Everything you need to know about overtime in BC

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In British Columbia (“BC”), overtime and overtime pay are regulated by provincial employment standards. Overtime refers to the additional hours an employee works beyond their regular or standard working hours, typically 8 hours per day and 40 hours per week. Employees receive overtime pay for working these extra hours, payable at a minimum of 1.5 times the employee’s hourly rate. If an employee works greater than 12 hours in a day, they are entitled to double their usual pay.

Who is entitled to overtime pay?

Not all employees are entitled to overtime pay. There are exemptions for managers, workers in certain industries, agricultural workers, and certain professionals.  These exemptions are outlined in the regulations enacted pursuant to the Employment Standards Act. Employees who have signed an averaging agreement with their employer are also exempt.

With the exception of the occupations detailed in the list, these regulations will be applicable to all employees who are not in managerial roles, regardless of whether they are paid an annual salary or an hourly wage.

How is overtime pay calculated?

Unless you are subject to an averaging agreement, overtime pay is typically paid at 1.5 times the employee’s regular hourly wage for any time worked over 8 hours, and double their usual pay for time over 12 hours. Additionally, employees are entitled to 1.5 times their usual pay for time worked over 40 hours per week.


Suppose an employee earns $20 per hour and works 45 hours in a workweek. In this case, the overtime pay calculation would be as follows:

Regular pay: 40 hours x $20/hour = $800

Overtime pay: 5 hours x $30/hour (1.5 times the regular rate) = $150

Total pay for the week: $800 (regular) + $150 (overtime) = $950

Employers are legally obligated to pay employees for overtime work at the prescribed rate. If an employer fails to do so, employees have the right to file a complaint with the BC Employment Standards Branch to seek unpaid overtime wages.

Can I get fired for refusing overtime?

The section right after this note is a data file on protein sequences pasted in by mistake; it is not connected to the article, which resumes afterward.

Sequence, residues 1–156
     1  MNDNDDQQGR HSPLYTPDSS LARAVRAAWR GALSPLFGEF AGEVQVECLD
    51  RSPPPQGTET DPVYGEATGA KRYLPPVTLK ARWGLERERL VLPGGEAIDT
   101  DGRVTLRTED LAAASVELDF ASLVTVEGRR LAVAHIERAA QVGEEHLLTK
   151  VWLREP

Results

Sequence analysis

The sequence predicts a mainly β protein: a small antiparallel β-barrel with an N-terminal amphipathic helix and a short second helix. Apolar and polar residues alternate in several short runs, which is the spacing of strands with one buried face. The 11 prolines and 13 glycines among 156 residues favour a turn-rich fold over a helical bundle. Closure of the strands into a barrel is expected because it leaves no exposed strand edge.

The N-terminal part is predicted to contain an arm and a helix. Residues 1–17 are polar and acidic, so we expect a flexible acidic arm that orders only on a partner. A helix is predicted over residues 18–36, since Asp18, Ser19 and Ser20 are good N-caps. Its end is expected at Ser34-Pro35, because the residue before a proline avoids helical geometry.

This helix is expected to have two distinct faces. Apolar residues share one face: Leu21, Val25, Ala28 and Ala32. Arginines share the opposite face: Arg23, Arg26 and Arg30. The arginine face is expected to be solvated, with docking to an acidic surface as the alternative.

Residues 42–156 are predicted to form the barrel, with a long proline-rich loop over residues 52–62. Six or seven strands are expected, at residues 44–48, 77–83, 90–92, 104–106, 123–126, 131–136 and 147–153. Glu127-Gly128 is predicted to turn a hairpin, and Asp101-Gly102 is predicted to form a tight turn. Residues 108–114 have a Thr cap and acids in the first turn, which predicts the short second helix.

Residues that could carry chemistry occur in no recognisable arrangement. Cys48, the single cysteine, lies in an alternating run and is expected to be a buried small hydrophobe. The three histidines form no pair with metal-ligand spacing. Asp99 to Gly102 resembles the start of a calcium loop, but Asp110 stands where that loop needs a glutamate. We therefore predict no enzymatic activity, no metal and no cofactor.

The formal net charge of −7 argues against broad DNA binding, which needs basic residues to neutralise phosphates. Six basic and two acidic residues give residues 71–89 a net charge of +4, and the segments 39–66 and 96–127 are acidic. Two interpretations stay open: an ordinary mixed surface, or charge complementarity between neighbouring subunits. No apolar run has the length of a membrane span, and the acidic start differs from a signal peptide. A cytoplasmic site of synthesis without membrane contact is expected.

It’s important to recognize that according to the Employment Standards Act, an employer can terminate an employee’s employment for any cause, as long as they offer adequate notice or compensation. In other words, your employer is able to terminate your employment if they ask you to work overtime and you refuse, as long as adequate notice or compensation is provided.

For employees who have been employed for more than three consecutive months, your employer is required to provide one week’s notice or compensation equal to one week of pay. After 12 consecutive months of employment and up to 3 years of employment, you would be entitled to two weeks’ notice or compensation of two weeks’ pay. After three consecutive years of employment, you would be entitled to three weeks’ notice or three weeks’ pay. Thereafter, your notice or compensation entitlement increases by one week for each additional year of employment, up to a maximum of 8 weeks.

You can read more on this topic in our blog: “Can You Get Fired for Refusing to Work Overtime?

Who is tasked with keeping track of overtime hours?

Employers typically keep records of employees’ work hours, especially overtime hours, to ensure accurate compensation. It’s important for employees to keep track of their own hours as well, to ensure they are paid correctly and in order to be able to prove their claim before the Employment Standards Branch in the event that their employer refuses to pay them the amount they are rightfully owed.

Overtime and overtime pay are important components of labour laws designed to protect workers’ rights and ensure fair compensation for additional work beyond regular hours. If you believe you should be receiving overtime pay but are not, or if you are unsure about your exempt status, speak with an employment lawyer for assistance. The knowledgeable and experienced lawyers at Labour Rights Law would be happy to discuss your case with you and provide you with the guidance you need before you proceed with filing your complaint.

DISCLAIMER: The content of this article, and this website generally, is not intended as legal advice and cannot be relied upon as legal advice.  To provide legal advice on your problem, a lawyer must first understand your specific situation.

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